Rude, raucous and gleefully violent, playwright Martin McDonagh’s follow-up to his debut feature “In Bruges” is sophomoric in every sense. But though insubstantial and childishly over-the-top, it’s also enjoyable, even though you might feel a bit of queasiness accompanying your laughter. What else would you expect of a movie with a title like “Seven Psychopaths”?
The fulcrum of McDonagh’s mess of a plot, set in L. A., is Marty (Colin Farrell, a holdover from “Bruges”), an alcoholic Irish screenwriter facing a monumental case of writer’s block: all he has is a title, which happens to be the film’s. Fortunately, or not, his wacky buddy Billy (Sam Rockwell) lends a hand by placing a classified ad inviting ex-psychos who might want to get their stories before the public to come by. The ad brings one contributor—Zachary (Tom Waits), a gloomy Gus clutching a rabbit whose tale of hunting down serial killers with his partner catches Marty’s fancy.
But Billy has troubles of his own. He’s collaborating with Hans (Christopher Walken, amping up his patented weirdness to an eleven) in a scam that involves kidnapping dogs and then returning them to their owners in hopes of a tidy reward. Unhappily Billy makes the apparent mistake of taking the beloved Shih Tzu of a deranged mob boss (Woody Harrelson) who will stop at nothing to get his pooch back. Lots of blood will be spilled and corpses created in the ensuing mayhem, though it’s punctuated by a good deal of McDonagh’s stock-in-trade conversations, filled with comically existential reveries, spasms of slick soul-searching and blustery pop-cultural riffs.
There’s really not much of a center to the script, which acts fundamentally as a skeleton on which the writer-director can hang his verbal set-pieces and oddball sketches. There’s a hint of an ultimate purpose behind everything, a sort of extreme wake-up call for Marty that might shake him out of his lack of productivity; that involves another psycho, a murderous masked vigilante who leaves the Jack of Diamonds behind with his victims as a literal calling-card. And as a whole the tale can be taken as a send-up of the kind of mindless action movies that Hollywood churns out like sausages.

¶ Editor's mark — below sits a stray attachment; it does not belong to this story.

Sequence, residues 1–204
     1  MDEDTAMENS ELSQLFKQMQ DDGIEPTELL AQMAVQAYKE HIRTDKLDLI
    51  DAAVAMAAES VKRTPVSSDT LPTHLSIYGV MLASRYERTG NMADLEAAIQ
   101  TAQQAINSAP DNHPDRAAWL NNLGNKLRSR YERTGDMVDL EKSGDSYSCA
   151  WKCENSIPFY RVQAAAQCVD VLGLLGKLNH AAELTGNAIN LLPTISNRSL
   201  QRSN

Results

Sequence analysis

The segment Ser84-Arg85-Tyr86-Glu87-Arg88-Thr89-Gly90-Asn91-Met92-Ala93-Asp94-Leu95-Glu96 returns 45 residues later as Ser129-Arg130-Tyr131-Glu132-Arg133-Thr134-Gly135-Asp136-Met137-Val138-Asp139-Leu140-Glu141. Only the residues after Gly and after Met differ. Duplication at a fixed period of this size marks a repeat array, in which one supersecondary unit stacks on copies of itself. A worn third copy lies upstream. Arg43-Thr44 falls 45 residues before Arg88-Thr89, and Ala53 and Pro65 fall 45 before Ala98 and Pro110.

But what makes “Seven Psychopaths” a lark isn’t any deeper meaning but the string of pleasures along its gruesome route to Billy’s long-for shoot-out. There are interpolated yarns about a Quaker father (Harry Dean Stanton) whose vendetta against his daughter’s killer never ends, and an erstwhile Viet Cong looking to avenge a massacre at his village, as well as more sentimental episodes between Hans and his dying wife. More frequent, though, is the banter among the leads, which takes typically loopy digressions that turn out to be integral elements of the central “plot.” And, of course, the equally frequent explosions of violence—ever more extreme—that give the humor a bitter aftertaste.
Still, all of McDonagh’s verbal dexterity wouldn’t mean much if the cast weren’t so fully attuned to it. Unlike in “Bruges,” Farrell is the supposed oasis of sanity here, frazzled but still assembling material for his planned opus from the events he’s trapped in. That leaves Rockwell to take the berserk path, alternating a goofy smile with an equally goofy intensity. As for Walken, all he needs to do is to shamble along in his usual offbeat fashion, giving each line a quirky reading all his own. Harrelson’s icy madness is more conventional—we’ve seen this act before—but in truth the material McDonagh provides for him is among the screenplay’s less interesting elements. Waits, on the other hand, gives an amusing spin to his rabbit-obsessed hit-man, and Stanton brings his inimitable personality to the determined Quaker—and nothing more is needed.
Cinematographer Ben Davis adds to the cartoonish quality of the picture with very brightly colored images, as does Carter Burwell’s score, which blends the silly and the serious. All the technical credits are fine, with the production design (David Wasco), art direction (John Dexter), sets (Sandy Wasco) and costumes (Karen Patch) contributing to a flashy overall look.
Ultimately “Seven Psychopaths” doesn’t amount to much, but like tasty junk food it goes down easily, even if the nutrition is nil.